Hubspot released some statistics that most start-ups won’t find surprising. Of the businesses surveyed, only 22% were satisfied with their conversion rates. When developing a digital marketing strategy there are many pieces that can easily be overlooked which will result in low conversions. Matei Gavril, a creative marketing manager, recently outlined some areas where start-ups and other organizations should focus when they attempt to strengthen their digital marketing strategy. Some of the ideas aren’t new but a few stand out.
A digital marketing plan is almost as important as a start-up’s service or product. As such, a business needs to develop their marketing plan early on and dovetail that plan to the business’ overall growth plan and mission. Gavril also suggests hiring the people you need before you need them. In other words, build up a team or find a skilled individual who is capable of providing digital content, tracking conversions and analyzing metrics. Hubspot’s statistics showed that less than half of all marketers surveyed said “they were able to measure their social activities.” Start-ups should find and hire people who can do the job. Without accurate measures of investment returns, a digital marketing strategy can become a loss rather than a gain.
Another insight that is rarely discussed is the need to focus on one concern. Digital marketing encompasses a wide range of areas, including shifting demographics, multiple platforms, various ad payment options and that’s only a few of the pieces needed for successful marketing campaigns. The options are overwhelming. Gavril suggests sticking to one aspect at a time and doing it well. If you know your industry appeals to a certain demographic then spend your time researching that demographic and establishing a niche. Focus on building that campaign, monitoring its effectiveness and nurturing conversion rates before moving on.
We all know never to judge a book by its cover, but you have to admit, the books with the eye-catching covers always make their way into your hand, opposite your pumpkin spice latte during your unfamiliar brisk weather stroll through Barnes & Noble. So what if we are attracted to mentally stimulating objects, people, and places? Well for starters it means that smart marketers will look to lure us with visually striking design that appeals to our very heart strings.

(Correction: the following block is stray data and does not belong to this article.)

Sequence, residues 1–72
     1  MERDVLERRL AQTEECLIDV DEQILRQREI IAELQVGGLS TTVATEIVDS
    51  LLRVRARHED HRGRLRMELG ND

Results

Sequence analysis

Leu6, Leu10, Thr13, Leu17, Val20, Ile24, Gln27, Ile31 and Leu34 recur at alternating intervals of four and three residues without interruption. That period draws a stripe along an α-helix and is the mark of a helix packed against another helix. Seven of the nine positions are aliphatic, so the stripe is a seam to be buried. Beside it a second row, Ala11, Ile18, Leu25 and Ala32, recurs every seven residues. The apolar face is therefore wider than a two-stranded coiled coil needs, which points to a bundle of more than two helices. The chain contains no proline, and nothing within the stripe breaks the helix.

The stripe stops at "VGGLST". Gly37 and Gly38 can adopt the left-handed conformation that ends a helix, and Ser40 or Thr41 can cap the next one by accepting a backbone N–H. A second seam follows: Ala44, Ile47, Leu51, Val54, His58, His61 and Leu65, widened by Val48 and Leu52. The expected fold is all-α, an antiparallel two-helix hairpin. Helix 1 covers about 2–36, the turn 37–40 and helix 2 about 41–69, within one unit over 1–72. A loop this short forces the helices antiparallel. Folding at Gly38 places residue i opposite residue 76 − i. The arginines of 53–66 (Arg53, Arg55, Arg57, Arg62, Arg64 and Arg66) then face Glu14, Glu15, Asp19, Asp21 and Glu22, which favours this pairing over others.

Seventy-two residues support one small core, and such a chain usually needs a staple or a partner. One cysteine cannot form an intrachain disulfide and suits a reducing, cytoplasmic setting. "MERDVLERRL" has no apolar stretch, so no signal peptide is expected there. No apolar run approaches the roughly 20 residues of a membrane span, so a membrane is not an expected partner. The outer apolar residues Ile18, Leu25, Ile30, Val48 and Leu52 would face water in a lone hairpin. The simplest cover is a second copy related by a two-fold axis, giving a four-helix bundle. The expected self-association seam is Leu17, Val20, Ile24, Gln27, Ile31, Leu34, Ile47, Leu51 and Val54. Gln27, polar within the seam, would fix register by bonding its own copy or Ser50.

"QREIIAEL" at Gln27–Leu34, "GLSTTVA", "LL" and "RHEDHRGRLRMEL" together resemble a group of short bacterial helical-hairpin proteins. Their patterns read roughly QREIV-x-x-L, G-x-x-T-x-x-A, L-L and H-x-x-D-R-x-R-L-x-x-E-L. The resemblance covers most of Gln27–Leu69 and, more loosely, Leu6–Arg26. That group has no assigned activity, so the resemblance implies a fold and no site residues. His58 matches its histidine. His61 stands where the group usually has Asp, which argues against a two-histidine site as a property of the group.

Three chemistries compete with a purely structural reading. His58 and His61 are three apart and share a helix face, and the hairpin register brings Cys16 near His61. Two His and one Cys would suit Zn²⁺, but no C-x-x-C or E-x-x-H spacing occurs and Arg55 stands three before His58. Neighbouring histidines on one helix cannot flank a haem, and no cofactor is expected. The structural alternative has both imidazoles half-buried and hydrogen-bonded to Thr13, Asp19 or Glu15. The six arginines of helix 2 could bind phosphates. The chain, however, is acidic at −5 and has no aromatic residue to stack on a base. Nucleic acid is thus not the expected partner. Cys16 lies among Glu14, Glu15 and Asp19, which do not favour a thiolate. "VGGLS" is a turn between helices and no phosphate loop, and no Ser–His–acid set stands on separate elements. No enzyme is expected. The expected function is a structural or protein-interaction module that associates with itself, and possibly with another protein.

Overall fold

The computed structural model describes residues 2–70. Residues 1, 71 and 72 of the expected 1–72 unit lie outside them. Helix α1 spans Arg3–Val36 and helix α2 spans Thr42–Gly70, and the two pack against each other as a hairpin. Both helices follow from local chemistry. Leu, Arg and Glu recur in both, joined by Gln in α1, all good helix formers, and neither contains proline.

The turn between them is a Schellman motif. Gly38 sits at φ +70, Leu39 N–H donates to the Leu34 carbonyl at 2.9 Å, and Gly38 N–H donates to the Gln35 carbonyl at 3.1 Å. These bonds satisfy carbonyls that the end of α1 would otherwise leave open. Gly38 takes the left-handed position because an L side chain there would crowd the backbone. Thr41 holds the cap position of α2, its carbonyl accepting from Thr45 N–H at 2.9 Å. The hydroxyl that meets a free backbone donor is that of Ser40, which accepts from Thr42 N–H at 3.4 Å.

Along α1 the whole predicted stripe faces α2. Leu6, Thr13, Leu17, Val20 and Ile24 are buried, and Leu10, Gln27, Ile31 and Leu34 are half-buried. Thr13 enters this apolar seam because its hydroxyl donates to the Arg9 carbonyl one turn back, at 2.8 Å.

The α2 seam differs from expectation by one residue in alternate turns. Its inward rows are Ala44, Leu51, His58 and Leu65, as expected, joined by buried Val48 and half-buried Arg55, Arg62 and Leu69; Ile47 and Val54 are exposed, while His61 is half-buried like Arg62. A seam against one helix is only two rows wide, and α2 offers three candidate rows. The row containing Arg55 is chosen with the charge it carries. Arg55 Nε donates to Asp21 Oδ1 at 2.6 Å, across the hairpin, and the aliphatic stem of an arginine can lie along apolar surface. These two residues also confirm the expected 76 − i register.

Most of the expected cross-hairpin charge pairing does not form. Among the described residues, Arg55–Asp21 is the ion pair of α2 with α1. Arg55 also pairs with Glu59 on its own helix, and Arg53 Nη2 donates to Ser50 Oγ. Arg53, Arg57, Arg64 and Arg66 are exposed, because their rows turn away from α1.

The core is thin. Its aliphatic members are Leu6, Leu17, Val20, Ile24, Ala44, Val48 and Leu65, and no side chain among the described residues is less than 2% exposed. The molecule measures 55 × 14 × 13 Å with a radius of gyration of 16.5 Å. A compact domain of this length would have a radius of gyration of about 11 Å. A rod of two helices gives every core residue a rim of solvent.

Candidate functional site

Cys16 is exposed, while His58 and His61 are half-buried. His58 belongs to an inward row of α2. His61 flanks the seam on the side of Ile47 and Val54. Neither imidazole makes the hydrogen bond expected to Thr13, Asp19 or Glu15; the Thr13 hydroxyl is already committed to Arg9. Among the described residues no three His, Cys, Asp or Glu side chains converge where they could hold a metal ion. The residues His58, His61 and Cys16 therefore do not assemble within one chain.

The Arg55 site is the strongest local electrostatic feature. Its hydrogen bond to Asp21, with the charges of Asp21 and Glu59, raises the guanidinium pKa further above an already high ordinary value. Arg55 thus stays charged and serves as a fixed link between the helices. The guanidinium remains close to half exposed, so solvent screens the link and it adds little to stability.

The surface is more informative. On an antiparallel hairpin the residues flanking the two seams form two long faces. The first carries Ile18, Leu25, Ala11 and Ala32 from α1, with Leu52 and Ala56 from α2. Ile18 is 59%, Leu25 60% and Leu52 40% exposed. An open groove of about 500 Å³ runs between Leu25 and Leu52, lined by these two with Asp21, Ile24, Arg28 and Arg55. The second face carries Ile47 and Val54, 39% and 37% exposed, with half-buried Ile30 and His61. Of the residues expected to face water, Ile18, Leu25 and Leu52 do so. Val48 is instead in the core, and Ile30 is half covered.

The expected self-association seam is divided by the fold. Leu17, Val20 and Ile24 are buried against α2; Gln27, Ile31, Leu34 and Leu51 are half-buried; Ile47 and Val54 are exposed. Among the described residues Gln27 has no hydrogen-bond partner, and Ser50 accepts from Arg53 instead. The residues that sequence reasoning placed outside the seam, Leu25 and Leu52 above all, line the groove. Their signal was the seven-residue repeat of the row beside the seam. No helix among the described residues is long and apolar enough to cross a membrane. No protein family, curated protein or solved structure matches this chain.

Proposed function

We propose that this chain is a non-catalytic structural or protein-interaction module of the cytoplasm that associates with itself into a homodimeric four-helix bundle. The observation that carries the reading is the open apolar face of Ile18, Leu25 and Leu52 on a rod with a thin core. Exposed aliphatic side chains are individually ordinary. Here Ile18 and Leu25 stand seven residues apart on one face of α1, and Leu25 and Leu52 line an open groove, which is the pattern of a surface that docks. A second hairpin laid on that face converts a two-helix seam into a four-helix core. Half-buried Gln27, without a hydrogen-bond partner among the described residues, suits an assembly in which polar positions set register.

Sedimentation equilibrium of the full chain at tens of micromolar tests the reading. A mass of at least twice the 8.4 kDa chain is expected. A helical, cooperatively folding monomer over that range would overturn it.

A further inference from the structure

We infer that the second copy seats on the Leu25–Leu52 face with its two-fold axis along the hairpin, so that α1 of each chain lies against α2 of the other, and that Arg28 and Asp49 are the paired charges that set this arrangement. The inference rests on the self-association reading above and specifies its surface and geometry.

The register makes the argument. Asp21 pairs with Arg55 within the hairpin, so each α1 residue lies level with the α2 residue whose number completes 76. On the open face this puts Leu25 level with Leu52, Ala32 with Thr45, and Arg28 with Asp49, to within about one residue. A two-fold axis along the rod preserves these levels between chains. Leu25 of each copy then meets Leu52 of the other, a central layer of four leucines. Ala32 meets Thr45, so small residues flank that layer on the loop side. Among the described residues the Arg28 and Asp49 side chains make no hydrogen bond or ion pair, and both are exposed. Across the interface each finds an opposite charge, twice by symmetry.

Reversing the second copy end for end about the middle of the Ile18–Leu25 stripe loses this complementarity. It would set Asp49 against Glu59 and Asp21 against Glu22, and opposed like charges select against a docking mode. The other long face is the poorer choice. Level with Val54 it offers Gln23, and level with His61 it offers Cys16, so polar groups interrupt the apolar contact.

It’s no secret that we all like to be paired with good-looking partners and likewise, wear good looking clothing but we can use other ways of assigning value to the like. For instance, its also important to have a partner that is funny, caring, and gainfully employed. This means that looks are acceptable at sub-par levels if made up for in other areas. Clothing that is high in cost assigns a higher value to what could ultimately be described as rags. When we begin to explore things like food, beauty products, and electronics or anything else that is seemingly one dimensional and/or finite in its nature, we have been conditioned to think that what we see is what we get. In this situation, there are no other attributes to these items that make them valuable to us. So its best to love, and not just like, what we see. Marketers are hamming this up and rightfully so.
Think back to the last time you purchased a new brand of shampoo without prior suggestion by anyone. Just on the spot, spur of the moment- what was the first thing you looked for as you scanned the overwhelming selection? Was it color? Size or bottle shape? I can assure you with astounding certainty that you weren’t looking for “volumizing” before your eyes were drawn to a particular visual identifier.